Zarathustra speaks of only these two Abodes. He does not mention any intermediate one for urwans who followed Truth and Untruth in an equal measure in earthly life. While perfection in one lifespan seems difficult to achieve, the Prophet does not mention reincarnation, except in Ha 49.11. But its scholarly interpretation is controversial.
Zarathustra’s Guidance for Implementing These Teachings
Understanding Zarathustra’s real basic teachings is one thing. How to implement them is another. Fortunately, they do provide guidance (3) on how man can achieve the goal of perfecting his urwan and contributing to the world’s gradual moral and ethical perfection.
As we understood in the preceding paragraphs, man is born with Qualities akin to Ahura Mazda’s abstract Attributes, as well as with an inborn capacity to generate Wickedness. However, he can evolve from this mix, by choosing paths which can help his urwan attain a “Spenta way of being” (Ha. 47.1) and thus, Immortality in his afterlife.
How can man achieve that? Byvenerating Ahura Mazda and His Attributes through personal prayers, simple personal rituals that reinforce his devotion, and living according to the faith’s basic principles. The “keys” for living in that manner, are good thoughts, words and deeds although Zoroastrians mistakenly believe them to be the faith’s basic principles. When man pursues them consistently, his Qualities progressively begin to personify Ahura Mazda’s Attributes more fully (Ha. 28.2, 33.8, 34.1, 45.10, 47.1, 50.4).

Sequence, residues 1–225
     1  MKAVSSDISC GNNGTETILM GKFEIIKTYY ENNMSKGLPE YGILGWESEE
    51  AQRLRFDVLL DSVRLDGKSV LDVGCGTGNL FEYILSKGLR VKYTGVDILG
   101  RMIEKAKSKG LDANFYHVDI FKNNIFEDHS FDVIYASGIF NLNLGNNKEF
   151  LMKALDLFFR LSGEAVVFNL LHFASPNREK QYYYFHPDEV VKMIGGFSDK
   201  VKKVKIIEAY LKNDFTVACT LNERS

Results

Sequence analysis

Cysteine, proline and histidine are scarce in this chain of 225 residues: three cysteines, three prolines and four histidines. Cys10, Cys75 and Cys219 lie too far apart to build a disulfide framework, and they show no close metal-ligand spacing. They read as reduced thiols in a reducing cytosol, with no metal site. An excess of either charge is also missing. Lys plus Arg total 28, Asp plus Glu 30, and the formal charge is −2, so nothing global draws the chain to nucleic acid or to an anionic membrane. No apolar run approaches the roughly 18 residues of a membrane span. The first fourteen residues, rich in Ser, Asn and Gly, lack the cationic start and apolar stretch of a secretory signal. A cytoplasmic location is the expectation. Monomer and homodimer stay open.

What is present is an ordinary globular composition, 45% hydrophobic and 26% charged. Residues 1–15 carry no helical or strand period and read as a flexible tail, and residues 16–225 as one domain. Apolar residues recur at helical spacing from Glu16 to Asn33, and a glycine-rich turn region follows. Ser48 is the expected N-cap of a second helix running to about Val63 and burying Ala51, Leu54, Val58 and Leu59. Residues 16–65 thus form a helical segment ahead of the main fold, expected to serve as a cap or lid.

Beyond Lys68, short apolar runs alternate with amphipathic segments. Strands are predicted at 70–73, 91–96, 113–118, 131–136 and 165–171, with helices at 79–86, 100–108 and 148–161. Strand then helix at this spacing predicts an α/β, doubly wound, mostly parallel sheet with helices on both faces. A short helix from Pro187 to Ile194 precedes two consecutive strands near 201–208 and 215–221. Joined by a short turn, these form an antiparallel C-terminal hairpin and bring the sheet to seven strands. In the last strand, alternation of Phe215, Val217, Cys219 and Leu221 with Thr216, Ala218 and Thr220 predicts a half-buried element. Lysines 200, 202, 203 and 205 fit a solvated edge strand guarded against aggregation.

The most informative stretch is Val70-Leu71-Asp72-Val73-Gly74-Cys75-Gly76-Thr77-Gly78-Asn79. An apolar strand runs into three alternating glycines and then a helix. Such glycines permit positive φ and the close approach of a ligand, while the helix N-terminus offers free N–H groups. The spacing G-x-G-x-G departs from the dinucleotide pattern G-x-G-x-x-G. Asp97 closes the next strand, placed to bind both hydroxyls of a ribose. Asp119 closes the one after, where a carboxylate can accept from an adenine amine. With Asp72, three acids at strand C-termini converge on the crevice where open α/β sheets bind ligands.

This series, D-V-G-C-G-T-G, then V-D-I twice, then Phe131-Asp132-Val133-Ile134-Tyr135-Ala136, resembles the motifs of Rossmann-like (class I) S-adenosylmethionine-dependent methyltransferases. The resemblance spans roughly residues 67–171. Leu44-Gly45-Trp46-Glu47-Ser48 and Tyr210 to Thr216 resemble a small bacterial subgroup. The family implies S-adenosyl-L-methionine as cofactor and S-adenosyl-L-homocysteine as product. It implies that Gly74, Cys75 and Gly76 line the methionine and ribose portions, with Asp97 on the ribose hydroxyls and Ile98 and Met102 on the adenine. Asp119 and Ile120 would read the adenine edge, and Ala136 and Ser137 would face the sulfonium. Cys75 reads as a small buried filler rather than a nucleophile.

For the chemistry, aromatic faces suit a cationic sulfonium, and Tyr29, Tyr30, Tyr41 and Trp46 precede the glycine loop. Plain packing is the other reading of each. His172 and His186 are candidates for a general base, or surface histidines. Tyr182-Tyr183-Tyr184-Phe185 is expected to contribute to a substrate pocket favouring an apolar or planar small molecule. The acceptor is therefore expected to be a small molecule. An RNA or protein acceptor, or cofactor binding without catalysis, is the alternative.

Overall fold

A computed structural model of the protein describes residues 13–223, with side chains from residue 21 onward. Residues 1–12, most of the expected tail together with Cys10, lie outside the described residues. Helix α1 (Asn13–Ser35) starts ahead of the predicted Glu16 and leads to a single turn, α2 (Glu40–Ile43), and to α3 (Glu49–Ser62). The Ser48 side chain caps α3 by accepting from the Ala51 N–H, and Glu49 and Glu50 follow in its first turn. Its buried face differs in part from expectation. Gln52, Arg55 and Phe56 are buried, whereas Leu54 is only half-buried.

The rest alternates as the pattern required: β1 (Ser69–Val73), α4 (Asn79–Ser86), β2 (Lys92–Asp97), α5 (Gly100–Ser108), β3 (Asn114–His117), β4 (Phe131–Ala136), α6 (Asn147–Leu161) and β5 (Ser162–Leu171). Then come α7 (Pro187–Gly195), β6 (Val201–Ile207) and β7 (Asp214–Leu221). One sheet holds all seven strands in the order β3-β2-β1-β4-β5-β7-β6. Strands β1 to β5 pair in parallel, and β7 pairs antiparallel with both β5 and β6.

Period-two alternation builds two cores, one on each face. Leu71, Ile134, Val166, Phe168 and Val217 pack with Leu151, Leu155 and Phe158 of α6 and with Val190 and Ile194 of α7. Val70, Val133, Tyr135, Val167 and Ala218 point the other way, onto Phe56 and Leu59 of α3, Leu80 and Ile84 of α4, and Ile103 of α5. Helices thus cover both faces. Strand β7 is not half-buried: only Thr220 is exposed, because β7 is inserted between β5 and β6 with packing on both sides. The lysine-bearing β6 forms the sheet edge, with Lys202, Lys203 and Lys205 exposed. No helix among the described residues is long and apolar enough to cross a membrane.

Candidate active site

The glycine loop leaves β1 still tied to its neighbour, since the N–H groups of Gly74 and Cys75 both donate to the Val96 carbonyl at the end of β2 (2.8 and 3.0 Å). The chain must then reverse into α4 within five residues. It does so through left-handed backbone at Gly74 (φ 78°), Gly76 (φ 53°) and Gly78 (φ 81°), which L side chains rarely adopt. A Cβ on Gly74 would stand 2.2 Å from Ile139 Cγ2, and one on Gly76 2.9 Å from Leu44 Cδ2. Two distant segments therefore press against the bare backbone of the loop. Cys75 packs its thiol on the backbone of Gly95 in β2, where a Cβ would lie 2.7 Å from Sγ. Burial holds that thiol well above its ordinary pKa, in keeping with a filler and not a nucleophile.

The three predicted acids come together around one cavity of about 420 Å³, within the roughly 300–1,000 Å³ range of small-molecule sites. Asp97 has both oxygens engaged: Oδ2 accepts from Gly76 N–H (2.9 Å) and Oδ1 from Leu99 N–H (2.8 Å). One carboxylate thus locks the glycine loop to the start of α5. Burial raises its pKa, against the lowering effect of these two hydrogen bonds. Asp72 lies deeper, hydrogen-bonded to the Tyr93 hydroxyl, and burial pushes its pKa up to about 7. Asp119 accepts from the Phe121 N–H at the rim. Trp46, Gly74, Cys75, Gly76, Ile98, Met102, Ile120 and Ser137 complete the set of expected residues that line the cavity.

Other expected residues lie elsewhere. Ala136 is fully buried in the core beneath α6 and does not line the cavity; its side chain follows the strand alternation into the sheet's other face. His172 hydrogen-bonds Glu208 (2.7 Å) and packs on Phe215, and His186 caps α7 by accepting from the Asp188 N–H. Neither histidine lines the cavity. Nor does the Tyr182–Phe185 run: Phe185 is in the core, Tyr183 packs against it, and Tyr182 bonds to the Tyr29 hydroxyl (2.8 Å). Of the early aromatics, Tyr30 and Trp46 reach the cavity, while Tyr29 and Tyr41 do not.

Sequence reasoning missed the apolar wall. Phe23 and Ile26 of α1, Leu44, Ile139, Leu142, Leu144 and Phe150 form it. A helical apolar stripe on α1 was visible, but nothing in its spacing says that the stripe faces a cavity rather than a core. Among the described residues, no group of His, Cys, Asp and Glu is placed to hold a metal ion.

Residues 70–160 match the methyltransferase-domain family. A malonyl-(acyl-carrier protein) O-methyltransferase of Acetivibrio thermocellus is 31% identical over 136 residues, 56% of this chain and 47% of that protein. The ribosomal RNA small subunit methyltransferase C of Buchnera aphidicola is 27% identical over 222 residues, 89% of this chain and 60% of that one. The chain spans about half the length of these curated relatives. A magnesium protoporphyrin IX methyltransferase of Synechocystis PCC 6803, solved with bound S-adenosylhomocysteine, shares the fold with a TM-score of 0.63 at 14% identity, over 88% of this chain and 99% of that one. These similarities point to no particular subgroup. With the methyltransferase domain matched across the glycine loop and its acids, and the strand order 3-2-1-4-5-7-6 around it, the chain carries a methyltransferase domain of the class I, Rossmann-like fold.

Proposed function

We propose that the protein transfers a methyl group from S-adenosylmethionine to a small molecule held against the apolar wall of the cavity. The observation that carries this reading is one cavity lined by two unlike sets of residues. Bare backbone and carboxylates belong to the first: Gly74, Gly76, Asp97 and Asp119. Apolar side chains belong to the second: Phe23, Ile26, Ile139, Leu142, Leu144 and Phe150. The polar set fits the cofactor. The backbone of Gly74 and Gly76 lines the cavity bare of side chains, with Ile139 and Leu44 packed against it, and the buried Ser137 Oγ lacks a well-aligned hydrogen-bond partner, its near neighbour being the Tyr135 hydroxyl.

What does such veneration achieve? Besides enabling man to grow spiritually through deliberate choice, it also fulfills three other purposes of his earthly life, namely, to: (i) help defeat Wickedness which he often brings to life by letting his free Mind ignore his Daena’s guidance to choose Truth instead; (ii) contribute to making the world ethically and morally more perfect, by progressively renovating his urwan; and (iii) help realize this objective which is Ahura Mazda’s very purpose for creating him.
Man’s reward is that as his Qualities gradually strengthen, his urwan advances towards Perfection and Immortality (Has. 28.10, 31.21, 33.13, 43.10, 45.4). The other is that this development positively influences not his urwan alone, but also advances his family, society and country and thus the world, towards moral and ethical perfection.